Cybersecurity: Why boards need to step up

10 mins

Part of the board’s role is to protect the company. Yet when it comes to cybersecurity, ther...

Mane Defence Team

By Mane Defence Team

Part of the board’s role is to protect the company. Yet when it comes to cybersecurity, there’s a tendency for boards to leave it all to IT.

This is unfortunate–and dangerous–because while board members may not be particularly tech-savvy, they are experts at managing risk. Board governance strategies that worked when the risk was highwaymen holding up the mail coach will work just as well against hackers.

Shareholders and regulators are more and more likely to demand evidence that boards are attentive to cyber risk–and to demand the removal of directors or bring lawsuits after a cybersecurity breach.

Board duties generally fall into six categories:

  •             Governance
  •             Strategy
  •             Risk
  •             Talent
  •             Compliance
  •             Culture

Every one of these is important to the effective oversight of a cybersecurity programme. WIthout that effective oversight, the company’s cybersecurity efforts can become meaningless and leave the organisation vulnerable.

The first question boards need to ask is who is responsible (both at board and management levels) for managing cybersecurity risk? Usually, boards delegate this to the audit or risk committee, although some prefer to have the whole board overseeing it. The size and nature of the company will determine best practice.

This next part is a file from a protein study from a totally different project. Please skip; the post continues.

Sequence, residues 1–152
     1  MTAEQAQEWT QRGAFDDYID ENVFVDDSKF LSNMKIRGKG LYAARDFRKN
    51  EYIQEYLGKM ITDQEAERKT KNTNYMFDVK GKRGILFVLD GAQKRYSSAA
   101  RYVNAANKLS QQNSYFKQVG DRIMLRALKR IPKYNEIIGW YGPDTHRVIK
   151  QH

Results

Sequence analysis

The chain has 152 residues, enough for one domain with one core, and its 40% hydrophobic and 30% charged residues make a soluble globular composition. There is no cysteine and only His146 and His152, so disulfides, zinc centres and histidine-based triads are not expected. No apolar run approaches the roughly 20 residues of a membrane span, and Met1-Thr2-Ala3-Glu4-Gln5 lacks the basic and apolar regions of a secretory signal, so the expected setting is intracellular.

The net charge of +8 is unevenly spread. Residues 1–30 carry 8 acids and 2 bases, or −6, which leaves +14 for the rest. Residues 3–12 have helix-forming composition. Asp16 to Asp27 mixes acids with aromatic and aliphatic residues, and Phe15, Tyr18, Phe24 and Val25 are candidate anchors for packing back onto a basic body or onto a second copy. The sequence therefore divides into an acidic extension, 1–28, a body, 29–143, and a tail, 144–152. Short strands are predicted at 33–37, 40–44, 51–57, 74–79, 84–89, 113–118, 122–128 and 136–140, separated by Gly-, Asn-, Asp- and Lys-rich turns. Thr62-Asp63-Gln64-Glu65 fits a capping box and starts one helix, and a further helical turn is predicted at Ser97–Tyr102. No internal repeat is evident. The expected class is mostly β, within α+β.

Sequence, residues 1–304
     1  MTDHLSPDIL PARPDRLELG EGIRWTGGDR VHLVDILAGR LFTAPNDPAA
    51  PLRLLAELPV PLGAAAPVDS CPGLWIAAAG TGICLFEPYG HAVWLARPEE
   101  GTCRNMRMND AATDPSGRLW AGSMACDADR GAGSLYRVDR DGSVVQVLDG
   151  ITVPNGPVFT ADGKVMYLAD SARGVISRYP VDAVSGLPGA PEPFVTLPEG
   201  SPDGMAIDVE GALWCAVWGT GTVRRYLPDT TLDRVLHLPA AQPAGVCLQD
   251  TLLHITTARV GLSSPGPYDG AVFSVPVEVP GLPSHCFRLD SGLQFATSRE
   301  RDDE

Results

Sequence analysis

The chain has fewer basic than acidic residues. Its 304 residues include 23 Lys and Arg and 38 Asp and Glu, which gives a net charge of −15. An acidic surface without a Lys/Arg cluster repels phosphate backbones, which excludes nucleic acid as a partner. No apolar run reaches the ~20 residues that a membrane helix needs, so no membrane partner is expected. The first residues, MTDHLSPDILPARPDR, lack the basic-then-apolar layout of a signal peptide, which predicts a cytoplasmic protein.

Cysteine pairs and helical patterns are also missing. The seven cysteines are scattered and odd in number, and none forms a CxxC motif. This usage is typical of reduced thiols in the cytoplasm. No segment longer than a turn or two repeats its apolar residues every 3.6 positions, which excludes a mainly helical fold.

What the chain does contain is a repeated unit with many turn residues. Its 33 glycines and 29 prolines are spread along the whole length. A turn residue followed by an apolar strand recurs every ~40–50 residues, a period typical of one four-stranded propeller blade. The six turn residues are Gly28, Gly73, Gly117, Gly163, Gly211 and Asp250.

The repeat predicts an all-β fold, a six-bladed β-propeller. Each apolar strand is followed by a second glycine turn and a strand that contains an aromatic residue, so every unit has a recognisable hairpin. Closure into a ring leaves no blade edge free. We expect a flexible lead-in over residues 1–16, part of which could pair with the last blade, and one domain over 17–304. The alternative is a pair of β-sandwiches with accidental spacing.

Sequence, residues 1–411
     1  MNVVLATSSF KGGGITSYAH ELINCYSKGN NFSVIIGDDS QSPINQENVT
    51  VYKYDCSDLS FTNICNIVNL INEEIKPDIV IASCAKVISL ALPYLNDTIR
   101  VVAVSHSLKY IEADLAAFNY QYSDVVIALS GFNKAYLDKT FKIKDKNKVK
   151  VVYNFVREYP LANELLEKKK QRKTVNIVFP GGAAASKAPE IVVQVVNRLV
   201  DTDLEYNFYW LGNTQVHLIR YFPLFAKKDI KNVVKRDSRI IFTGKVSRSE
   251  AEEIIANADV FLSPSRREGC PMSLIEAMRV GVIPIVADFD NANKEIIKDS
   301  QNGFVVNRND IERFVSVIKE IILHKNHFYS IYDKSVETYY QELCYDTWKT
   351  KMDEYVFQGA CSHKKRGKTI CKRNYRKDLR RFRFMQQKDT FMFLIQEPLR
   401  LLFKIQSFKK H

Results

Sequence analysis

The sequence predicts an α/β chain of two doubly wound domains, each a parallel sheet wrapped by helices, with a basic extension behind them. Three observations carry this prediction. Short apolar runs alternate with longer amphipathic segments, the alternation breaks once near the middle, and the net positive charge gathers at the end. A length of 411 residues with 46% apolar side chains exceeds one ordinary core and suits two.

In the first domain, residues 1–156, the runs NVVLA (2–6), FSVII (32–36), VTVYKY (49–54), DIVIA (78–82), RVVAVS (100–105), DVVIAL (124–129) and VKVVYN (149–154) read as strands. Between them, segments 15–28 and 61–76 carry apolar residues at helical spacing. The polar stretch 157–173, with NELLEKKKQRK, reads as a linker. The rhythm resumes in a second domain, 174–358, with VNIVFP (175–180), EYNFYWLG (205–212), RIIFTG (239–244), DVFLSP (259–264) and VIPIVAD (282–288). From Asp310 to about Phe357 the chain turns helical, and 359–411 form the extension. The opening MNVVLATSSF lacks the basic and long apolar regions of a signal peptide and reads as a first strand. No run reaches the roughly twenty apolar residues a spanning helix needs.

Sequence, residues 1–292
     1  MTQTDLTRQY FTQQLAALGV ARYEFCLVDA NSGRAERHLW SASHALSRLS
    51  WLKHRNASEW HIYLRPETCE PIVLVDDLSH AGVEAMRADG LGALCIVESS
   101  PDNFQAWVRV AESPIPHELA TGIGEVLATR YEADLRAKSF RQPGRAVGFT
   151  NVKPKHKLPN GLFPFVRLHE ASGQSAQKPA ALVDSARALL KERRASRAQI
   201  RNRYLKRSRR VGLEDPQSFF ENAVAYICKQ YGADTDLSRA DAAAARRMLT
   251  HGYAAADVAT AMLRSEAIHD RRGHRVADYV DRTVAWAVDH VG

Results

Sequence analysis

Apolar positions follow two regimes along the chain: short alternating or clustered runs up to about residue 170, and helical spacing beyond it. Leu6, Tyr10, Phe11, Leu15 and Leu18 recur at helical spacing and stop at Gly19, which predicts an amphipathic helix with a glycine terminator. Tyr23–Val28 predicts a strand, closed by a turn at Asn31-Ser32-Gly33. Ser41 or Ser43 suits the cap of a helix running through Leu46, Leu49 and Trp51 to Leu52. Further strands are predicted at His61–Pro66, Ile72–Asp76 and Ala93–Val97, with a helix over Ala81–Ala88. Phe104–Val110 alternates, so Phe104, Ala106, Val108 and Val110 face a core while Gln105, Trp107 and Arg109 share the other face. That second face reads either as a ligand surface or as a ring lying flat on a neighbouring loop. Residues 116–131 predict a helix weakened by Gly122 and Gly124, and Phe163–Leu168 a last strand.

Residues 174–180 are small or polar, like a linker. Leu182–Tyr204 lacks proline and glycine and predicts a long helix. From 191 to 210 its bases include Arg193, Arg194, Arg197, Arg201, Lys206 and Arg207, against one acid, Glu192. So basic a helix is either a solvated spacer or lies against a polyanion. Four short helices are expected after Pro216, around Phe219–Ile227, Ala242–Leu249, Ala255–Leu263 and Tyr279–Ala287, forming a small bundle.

At the management level, the cybersecurity buck usually stops with the CEO, who may delegate accountability to IT or a Data Protection Officer (DPO). However, cybersecurity governance requires not only tech skills but also management skills like communication, behavioural science, project management and command presence.

While every business unit needs to own and prioritise its own cybersecurity, central decision-making is vital. IT or the DPO should report to a senior executive the board can hold accountable.

Cybersecurity will continue to require considerable attention from the board and collaboration with management, enterprise risk management (ERM), internal audit and cybersecurity experts. Board members must have full oversight and ensure that processes and systems remain agile as cyber threats evolve.

Contact us

If you are interested in finding out more, speak to one of our recruitment specialists today.

Site by Venn